Mesmerized and obsessed with Monet, he decided to abandon his law career and move to Munich to devote himself fulltime to the study of art. He likened painting to composing music in the manner of which he would become noted, writing, “Color is the keyboard, the eyes are the hammers, the soul is the piano with many strings. The artist is the hand which plays, touching one key or another, to cause vibrations in the soul.”

In Munich, Kandinsky was accepted into a private painting school before attending the Academy of Fine Arts, called Royal Academy of Fine Arts at the time. But much of his study was self-directed. He began to form theories derived from his spiritual studies and his fascination with music and color. These theories kept him focused through the first decade of the 20th century and led him toward the status of “father of abstract art.”

He taught art classes and published his controversial ideas on art theory. In 1903, he met art student Gabriele Munter and moved in with her before finalizing his divorce from his previous wife, Anna Chimyakina, in 1911. The new couple traveled, got engaged, settled in Bavaria before World War I, but split and never married.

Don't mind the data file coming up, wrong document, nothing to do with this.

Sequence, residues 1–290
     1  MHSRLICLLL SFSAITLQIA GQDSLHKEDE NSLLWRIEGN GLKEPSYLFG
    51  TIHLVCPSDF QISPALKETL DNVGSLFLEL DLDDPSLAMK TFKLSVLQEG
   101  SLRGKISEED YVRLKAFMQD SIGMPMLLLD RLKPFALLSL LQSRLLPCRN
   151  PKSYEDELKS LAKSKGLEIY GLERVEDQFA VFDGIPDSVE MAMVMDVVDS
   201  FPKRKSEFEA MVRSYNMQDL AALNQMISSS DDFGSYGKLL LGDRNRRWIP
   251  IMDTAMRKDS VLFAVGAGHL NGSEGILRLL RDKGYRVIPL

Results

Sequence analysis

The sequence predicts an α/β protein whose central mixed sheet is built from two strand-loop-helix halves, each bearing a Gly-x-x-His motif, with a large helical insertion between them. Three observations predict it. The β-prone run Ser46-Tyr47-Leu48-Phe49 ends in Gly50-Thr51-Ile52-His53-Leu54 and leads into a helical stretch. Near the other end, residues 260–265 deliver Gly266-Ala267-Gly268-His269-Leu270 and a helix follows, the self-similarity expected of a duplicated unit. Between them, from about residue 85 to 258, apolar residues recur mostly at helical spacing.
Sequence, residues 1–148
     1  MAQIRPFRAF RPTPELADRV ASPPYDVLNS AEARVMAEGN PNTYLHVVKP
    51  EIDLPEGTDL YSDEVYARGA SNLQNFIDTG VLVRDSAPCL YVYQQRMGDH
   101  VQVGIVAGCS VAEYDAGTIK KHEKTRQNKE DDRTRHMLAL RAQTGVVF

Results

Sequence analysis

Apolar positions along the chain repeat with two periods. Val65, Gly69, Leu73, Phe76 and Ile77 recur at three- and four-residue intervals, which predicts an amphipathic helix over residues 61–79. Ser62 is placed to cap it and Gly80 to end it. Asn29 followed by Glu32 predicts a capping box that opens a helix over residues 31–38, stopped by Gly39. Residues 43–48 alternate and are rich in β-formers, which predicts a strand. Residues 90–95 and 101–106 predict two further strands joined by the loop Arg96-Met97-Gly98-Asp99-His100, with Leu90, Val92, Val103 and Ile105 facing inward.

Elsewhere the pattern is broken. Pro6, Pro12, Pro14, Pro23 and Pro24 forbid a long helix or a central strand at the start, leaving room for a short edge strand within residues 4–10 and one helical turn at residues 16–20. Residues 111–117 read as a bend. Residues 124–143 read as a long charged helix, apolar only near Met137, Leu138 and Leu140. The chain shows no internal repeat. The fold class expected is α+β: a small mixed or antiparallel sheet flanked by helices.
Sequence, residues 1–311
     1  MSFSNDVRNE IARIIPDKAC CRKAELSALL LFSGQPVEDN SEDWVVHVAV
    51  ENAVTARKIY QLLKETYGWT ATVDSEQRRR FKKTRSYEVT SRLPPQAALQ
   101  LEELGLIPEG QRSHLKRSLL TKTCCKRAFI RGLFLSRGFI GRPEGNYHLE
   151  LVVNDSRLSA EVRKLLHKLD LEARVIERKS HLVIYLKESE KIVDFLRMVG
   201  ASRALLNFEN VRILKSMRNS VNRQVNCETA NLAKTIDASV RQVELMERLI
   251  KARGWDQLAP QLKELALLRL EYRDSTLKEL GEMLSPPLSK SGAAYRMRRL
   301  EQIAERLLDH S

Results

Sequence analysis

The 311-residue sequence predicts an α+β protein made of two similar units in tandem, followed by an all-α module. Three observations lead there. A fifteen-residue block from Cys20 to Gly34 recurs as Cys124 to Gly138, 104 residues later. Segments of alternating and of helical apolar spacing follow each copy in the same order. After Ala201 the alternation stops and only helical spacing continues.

He formed the New Artists Association in Munich; the Blue Rider group with artist Franz Marc, and he later became a member of the Bauhaus Movement, the school of art and applied design founded in 1919 in Weimar, Germany, with his painter pal Paul Klee and composer Arnold Schoenberg.

In December 1911, his treatise Uber das Geistige in der Kunst (On the Spiritual in Art), laid out a program for developing an art independent from observations of the external world. He advanced abstraction’s potential to be free from nature. The development of a new subject matter based solely on the artist’s “inner necessity” would occupy him for the rest of his life.

each color lives by its mysterious life.

World War I took him back to Russia where he was influenced by the constructionist movement based on dots, geometry and hard lines. While there, at age 50, he fell in love with a much younger woman named Nina Andreevskaya, the daughter of a Russian army general. They married and had a son who died at age three.

Art
“Circles on Black” oil on canvas from 1921 shows the relationship between colors and elementary forms.